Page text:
In practice however, at least before the Corona crisis, courts have not made use of sec. 128a ZPO frequently, because it requires the court and the parties to have the necessary video conference equipment available. As an exception to this general trend, the Local Court of Frankfurt am Main, the city in which Germany’s biggest airport is located, has been using it since December 2019 for the large number of flight right cases it has to deal with. During the course of the current crisis, some courts such as the Regional Court of Duesseldorf have however announced that they would now draw on this procedural tool.
If an oral hearing is already scheduled, the court may adjourn a hearing if substantial grounds so require (sec. 227 para. 1 ZPO). Whether the COVID-19 crisis is a sufficient reason in the legal sense cannot yet be stated with sufficient certainty. While some Bar Associations appear to be of such view, the available case law seems to be quite strict, e.g. in relation to the concrete illness of the party or its lawyer.
 For such a case, sec. 245 of the German Code of Civil Procedure stipulates that the proceedings would be stayed by operation of law for the duration of that situation.
 See e.g. the recommendation by the Bavarian Ministry of Justice to courts, https://www.justiz.bayern.de/service/corona/Umgang_Justiz.php (last visited April 7, 2020).
 Roth, in: Stein Jonas (eds.), Kommentar zur Zivilprozessordnung, 23. Ed. 2016, § 167 ZPO para. 10.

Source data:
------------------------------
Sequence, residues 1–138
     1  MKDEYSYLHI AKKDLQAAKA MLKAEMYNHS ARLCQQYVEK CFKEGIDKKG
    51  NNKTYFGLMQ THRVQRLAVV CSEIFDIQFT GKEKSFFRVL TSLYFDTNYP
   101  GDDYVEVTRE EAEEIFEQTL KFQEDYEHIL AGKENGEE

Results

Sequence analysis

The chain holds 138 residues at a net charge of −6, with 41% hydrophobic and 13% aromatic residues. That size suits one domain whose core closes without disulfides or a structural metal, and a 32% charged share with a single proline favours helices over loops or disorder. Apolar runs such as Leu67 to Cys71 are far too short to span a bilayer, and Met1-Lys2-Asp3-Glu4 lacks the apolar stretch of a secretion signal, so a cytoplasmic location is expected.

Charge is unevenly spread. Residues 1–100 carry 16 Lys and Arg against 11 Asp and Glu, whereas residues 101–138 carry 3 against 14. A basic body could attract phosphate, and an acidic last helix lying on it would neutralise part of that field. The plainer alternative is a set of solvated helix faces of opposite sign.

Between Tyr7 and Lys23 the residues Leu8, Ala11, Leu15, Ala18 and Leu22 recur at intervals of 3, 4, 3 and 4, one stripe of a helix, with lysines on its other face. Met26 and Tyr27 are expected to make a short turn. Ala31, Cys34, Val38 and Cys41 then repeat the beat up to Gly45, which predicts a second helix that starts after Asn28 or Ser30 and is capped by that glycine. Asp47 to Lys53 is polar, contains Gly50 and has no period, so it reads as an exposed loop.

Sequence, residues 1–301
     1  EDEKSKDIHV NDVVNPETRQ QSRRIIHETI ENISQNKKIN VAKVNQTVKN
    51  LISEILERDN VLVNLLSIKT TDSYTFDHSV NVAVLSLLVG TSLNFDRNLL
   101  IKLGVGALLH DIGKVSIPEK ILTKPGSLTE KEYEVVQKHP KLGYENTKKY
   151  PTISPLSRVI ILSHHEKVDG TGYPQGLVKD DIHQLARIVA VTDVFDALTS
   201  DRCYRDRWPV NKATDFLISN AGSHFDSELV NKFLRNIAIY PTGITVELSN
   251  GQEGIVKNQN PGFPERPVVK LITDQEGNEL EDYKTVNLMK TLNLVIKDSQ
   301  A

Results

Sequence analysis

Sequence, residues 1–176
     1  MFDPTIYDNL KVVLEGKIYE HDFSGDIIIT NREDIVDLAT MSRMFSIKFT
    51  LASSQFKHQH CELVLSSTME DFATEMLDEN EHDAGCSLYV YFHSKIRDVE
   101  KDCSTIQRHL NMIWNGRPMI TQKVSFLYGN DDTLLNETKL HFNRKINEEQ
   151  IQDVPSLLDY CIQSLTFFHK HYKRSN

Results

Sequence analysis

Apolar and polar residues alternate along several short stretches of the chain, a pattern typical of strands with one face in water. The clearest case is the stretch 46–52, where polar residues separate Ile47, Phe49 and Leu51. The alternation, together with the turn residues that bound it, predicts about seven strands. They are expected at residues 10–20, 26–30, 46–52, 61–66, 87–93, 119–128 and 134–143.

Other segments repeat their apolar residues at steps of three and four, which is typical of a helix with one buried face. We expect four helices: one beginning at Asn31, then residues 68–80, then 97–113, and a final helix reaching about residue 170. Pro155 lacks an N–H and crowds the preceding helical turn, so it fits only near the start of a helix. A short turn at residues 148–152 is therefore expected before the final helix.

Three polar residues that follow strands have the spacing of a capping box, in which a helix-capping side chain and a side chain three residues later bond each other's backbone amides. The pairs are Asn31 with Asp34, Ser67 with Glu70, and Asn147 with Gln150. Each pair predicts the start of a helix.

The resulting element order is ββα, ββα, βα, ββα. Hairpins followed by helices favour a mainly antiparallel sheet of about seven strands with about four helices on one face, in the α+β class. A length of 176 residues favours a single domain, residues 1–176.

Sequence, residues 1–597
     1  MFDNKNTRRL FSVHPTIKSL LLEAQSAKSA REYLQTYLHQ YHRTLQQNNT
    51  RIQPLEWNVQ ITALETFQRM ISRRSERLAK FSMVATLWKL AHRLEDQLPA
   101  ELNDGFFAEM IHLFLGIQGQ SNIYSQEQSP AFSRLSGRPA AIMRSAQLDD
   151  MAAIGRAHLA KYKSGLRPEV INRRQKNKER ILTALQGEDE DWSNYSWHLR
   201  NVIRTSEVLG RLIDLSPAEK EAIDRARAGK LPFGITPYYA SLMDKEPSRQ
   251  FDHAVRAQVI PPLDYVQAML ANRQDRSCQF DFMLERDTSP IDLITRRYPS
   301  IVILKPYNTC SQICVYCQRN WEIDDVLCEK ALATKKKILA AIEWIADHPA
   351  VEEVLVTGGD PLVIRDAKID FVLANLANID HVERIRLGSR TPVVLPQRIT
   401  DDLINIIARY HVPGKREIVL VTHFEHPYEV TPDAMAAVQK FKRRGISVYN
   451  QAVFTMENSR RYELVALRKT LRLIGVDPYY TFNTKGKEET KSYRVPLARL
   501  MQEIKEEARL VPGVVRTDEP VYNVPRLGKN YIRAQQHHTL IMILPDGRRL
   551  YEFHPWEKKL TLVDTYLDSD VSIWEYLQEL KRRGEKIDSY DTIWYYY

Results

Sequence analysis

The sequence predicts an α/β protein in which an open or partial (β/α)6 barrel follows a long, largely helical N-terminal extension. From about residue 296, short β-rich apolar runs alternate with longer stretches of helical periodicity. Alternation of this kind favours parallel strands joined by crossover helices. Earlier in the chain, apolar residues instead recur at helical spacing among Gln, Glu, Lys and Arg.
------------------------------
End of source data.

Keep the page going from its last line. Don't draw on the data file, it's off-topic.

See in this regard, https://www.gibsondunn.com/covid-19-german-infectious-diseases-protection-act-what-makes-you-stay-at-home/ (last visited April 7, 2020).
 Consent may only be revoked in the event of a material change of litigation circumstances.
 We have heard of a recent initiative by the presidents of the Federal Labor Court and of several Regional Labor Courts who allegedly have put forward to introduce oral hearings by way of a video conference that does not any more require the judge to be in a courtroom. The judge would not only be permitted to work from home but he/she may also compel the parties to use the tool of video conference. This law, if enacted, would however be limited to Labor courts and might only be used to prevent and fight infectious diseases.
Gibson Dunn’s lawyers are available to assist with any questions you may have regarding these developments. For further information, please contact the Gibson Dunn lawyer with whom you usually work, or the following authors in Germany.
Authors: Finn Zeidler, Markus Rieder and Andreas Dürr
© 2020 Gibson, Dunn & Crutcher LLP